It is usual to see a bounce in the price of property coming to market at the beginning of the autumn, but this year the falls in the top-end boroughs of London have instead led to a large average price fall of -2.9%.
Miles Shipside, Rightmove director and housing market analyst comments: “As we enter the autumn selling season we usually see estate agents advising new-to-the-market sellers to push up their asking prices. While this is still the case in half of London’s boroughs, the other half have seen the price of newly-marketed property fall. This is especially prevalent in the most expensive boroughs where five out of the top six have seen monthly price falls as their market continues to re adjust. Because of their predominance of more expensive properties, they also have a disproportionate effect on the average , meaning that a slump at the top-end exaggerates the overall London price fall.”
The large monthly fall has pushed the annual rate well into negative territory, down to -3.2%. This is the largest year-on-year decrease so far this decade. In contrast to the market travails in the most expensive prime boroughs, the cheaper boroughs are rising year-on-year. The most expensive seven boroughs are all down year-on-year, while the cheapest 12 are all up.
One of the few ways that Londoners can fight back against constantly stretched affordability is to seek out the most affordable housing. Their focus on this unfortunately pushes up demand and consequently fuels upwards price pressure. The top five fastest increasing boroughs have seen annual rises in the range of 5% to 10% in the price of newly-marketed property . These boroughs have average prices between £300,000 and £660,000 , so while not affordable by national standards, they are still relatively cheap for London . Hackney and Southwark are among the cheapest Central London boroughs, and these two have seen year – on – year increases of 7.2% and 9.5 % respectively.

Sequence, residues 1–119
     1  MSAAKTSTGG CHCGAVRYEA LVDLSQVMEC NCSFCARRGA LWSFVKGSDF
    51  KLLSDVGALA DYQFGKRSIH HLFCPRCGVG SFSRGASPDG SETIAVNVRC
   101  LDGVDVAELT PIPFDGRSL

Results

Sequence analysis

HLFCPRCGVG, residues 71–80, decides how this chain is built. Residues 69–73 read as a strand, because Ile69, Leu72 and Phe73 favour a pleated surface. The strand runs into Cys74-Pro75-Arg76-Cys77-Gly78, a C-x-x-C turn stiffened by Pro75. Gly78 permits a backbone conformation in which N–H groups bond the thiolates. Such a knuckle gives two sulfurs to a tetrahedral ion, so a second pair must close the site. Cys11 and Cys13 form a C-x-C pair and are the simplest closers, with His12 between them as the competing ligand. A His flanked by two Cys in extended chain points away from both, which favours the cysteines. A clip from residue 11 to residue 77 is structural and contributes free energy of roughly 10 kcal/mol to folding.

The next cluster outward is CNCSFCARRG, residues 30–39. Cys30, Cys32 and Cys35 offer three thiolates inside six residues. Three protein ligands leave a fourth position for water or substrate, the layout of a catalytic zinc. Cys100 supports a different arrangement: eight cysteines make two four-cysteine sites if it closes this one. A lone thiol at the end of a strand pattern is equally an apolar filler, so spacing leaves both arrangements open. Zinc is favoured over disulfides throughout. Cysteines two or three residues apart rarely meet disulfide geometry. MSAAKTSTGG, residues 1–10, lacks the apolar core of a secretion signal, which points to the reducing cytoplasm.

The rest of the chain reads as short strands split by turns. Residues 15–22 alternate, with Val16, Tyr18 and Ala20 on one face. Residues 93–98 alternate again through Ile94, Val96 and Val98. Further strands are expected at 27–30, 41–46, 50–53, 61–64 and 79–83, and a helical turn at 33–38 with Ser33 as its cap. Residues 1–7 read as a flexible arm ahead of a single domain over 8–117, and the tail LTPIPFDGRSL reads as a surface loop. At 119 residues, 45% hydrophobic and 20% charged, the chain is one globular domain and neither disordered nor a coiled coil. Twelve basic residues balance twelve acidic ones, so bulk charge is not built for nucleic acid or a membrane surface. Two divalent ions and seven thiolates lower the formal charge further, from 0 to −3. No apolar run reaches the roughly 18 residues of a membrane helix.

Between 2009 and 2015, the large majority of property buyers were cash buyers, although currently not so much. In the current market sales volumes in Prime Central London have dropped, and the market has softened to some degree. We are finding that most homeowners are not in any hurry to sell their properties, which has resulted in fewer listings available to buyers and fewer sales. In 2009 until 2015 the Central London market was inundated with investors looking to purchase property as a way to invest their money in a safe financial environment. However, since the introduction of the 3% surcharge on stamp duty paid by investors, along with the uncertainty as to how Brexit will impact London’s property market, investors have been standing on the side lines. We are beginning to see more and more investors venturing back into the market, but we are still a long way from the volumes we saw pre-referendum.
Our advice to all sellers in many locations across London that the current market requires sensible and realistic pricing. Pockets of high demand still exist but tend to be concentrated around specific streets, schools and transport hubs. Transaction volumes are increasing and properties priced realistically continue to sell well, but those looking to enter the market should speak to a local agent who really knows their patch in order to get an understanding of local activity and demand.